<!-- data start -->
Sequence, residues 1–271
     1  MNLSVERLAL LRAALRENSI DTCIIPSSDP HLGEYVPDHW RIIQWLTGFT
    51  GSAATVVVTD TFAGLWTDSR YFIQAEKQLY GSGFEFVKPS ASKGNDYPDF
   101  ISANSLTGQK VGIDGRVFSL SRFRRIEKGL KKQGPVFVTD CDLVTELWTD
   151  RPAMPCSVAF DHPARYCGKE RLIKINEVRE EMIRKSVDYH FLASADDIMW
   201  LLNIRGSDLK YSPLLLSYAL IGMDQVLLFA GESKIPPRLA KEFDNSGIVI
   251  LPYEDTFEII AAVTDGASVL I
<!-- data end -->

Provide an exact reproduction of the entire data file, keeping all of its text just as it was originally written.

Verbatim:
Sequence, residues 1–271
     1  MNLSVERLAL LRAALRENSI DTCIIPSSDP HLGEYVPDHW RIIQWLTGFT
    51  GSAATVVVTD TFAGLWTDSR YFIQAEKQLY GSGFEFVKPS ASKGNDYPDF
   101  ISANSLTGQK VGIDGRVFSL SRFRRIEKGL KKQGPVFVTD CDLVTELWTD
   151  RPAMPCSVAF DHPARYCGKE RLIKINEVRE EMIRKSVDYH FLASADDIMW
   201  LLNIRGSDLK YSPLLLSYAL IGMDQVLLFA GESKIPPRLA KEFDNSGIVI
   251  LPYEDTFEII AAVTDGASVL I